Back to IndieWire

How 3 Crucial VFX Scenes from ‘Dawn of the Planet of the Apes’ Were Made

How 3 Crucial VFX Scenes from 'Dawn of the Planet of the Apes' Were Made

As Weta’s senior VFX supervisor Joe Letteri says, “It’s not about the technology — it’s about letting dramatic moments develop, and getting out of the way when you need to.” Thus, “Dawn of the Planet of the Apes” represents the first movie to record most of the performance capture in difficult locations such as Muir Woods, before the more nuanced acting and action were refined in post at James Cameron’s Lightstorm stage in Manhattan Beach.

1. One of the most gripping moments occurs when Toby Kebbell’s Koba slyly disarms two drunken humans before shockingly gunning them down. “Matt [Reeves] and Toby were able to work the scene in a way that was different from how it appeared on the page and come up with that performance,” adds four-time Oscar winner Letteri. “We were able to capture that and work through the translation and made that scene come alive. Toby added subtle details in getting on their good side before taking advantage of them and killing them. It’s a really street kind of thing that happens. And so it had that spontaneity that we didn’t have to worry about. We let them develop the drama and the animators came in took over.”

According to visual effects supervisor Dan Lemmon, the scene was striking and chilling to observe: a microcosm of Reeve’s approach to making the movie. “You had these talented actors working together on the set and they could play off of each other’s ideas. Toby wanted to take situations he was in as a youth in London. Some of the scariest involved people pretending to be your friend who would suddenly turn on you, He ended up improvising half of it on the spot and it became much more powerful. It starts out humorously and then Koba becomes unhinged and you realize that the movie has taken a very dark turn.”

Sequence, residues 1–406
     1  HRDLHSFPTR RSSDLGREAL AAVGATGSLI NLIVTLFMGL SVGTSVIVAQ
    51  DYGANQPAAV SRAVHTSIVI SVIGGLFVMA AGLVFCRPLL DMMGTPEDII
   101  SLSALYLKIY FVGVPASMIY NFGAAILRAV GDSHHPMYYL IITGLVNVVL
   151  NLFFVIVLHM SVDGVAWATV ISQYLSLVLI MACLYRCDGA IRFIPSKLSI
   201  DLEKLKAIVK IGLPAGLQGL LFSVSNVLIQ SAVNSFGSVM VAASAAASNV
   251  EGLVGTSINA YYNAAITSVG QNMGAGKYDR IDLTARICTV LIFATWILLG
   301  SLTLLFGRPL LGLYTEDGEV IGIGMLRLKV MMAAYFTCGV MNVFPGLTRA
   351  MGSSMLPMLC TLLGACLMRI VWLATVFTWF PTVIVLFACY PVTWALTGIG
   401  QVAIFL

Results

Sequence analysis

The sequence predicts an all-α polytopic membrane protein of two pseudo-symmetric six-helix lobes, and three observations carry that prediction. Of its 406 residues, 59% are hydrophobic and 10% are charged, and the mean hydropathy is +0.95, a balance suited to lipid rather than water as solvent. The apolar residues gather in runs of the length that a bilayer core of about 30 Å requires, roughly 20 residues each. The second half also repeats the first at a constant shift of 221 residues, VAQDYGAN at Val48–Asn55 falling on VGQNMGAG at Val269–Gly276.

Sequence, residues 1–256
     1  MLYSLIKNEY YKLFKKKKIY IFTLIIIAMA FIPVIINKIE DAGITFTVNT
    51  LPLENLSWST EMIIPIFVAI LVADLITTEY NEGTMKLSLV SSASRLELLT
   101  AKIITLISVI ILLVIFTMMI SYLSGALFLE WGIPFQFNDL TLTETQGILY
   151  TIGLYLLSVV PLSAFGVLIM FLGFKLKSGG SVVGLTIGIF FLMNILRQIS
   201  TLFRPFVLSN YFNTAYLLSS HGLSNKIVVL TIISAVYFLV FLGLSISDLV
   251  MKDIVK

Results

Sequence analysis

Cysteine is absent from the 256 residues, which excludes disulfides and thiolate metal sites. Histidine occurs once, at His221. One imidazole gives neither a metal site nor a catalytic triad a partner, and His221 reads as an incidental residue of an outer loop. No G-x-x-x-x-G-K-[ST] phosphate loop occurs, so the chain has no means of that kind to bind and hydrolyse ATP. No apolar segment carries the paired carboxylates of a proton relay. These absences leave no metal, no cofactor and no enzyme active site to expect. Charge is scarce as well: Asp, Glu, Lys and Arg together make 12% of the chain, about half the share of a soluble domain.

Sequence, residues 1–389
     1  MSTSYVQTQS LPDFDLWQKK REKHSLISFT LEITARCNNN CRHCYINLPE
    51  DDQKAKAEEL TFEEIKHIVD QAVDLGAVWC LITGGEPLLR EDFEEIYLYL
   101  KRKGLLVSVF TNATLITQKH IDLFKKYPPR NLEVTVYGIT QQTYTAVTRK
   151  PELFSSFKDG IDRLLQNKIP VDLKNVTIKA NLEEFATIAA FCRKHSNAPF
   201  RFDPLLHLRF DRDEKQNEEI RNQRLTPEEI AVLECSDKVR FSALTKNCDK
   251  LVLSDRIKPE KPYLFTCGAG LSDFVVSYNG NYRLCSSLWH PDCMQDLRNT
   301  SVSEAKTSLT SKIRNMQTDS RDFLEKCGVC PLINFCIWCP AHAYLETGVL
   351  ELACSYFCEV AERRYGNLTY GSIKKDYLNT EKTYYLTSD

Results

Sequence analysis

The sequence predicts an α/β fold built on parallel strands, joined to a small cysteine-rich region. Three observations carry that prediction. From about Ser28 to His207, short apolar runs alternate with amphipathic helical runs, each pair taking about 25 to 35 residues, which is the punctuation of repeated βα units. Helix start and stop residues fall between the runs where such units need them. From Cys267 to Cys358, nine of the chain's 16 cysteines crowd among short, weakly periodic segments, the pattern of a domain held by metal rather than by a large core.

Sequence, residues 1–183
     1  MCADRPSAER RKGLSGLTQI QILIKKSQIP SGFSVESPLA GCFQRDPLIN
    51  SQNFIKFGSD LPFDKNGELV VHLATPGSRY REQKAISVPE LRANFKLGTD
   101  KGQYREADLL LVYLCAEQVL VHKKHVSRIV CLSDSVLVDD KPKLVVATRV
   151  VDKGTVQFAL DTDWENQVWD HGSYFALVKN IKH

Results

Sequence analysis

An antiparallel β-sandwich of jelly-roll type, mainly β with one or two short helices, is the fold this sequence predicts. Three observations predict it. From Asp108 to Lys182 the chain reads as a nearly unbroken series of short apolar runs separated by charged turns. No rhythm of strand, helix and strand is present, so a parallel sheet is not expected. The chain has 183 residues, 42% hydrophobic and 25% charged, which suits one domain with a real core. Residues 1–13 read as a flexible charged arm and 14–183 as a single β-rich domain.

2. The single 360-degree shot of Koba overtaking the tank turret and ramming his way into the human compound is the visual highlight. It took nearly a year to complete with more than 1,000 iterations. The crew had a real tank in an empty stage. Then Weta brought it to life by returning to the volume with carefully choreographed bits of explosive business and populated it with 600 CG proxy apes. The challenge was re-timing the speed of the original background plate to get it to work correctly and then layering in all of the VFX.

“Matt described it as a fever dream,” Lemmon recalls. “It was disturbing and unnerving. Lighting was key and he was keen to use uncorrected orange-colored sodium vapor lights so that it had an industrial wasteland look. But we were limited in what we could do with the tank, which came with its own driver. Explosions and elements that were meant to be timed with it turned out differently. Some story ideas changed and the animation team came up with new gags.

“We started with the plate and brainstormed with Matt. He thought a burned out trolley could be a great place for the apes to jump off and storm the breach and cascade over the humans. He wanted the apes’ spears to figure prominently. We worked it out in previs and recaptured some of the action with Toby.  When the tank spun around and hit the door of the human colony, it turns the tide for Koba.”

3. In the thrilling climax, Andy Serkis’ Caesar fights Koba on the tower of an unfinished skyscraper — a concrete jungle. “We had to figure out the beats of the action with the help of a fight coordinator as well as the environment,” Lemmon explains. “It didn’t get nailed until after finishing principal photography. The art department designed a tower schematic and we did previs. Then we took it to LA for a new mocap session with Matt and Andy and Toby. Then we placed that action in the digital environment and they had a separate performance capture session just for the cameras. It was all virtual and we played up the vertical nature of the composition by letting the two characters hang and swing from the precarious skeletal structure.”

According to Letteri, form and function came together beautifully. “All that arrested work spoke to the premise of the film where the virus stopped humanity in its tracks. But it also gave us this human jungle environment that we could stage with these two apes and have it all happen in three-dimensional space.”

This Article is related to: Interviews and tagged , , , , , , ,


Comments

Your email address will not be published. Required fields are marked *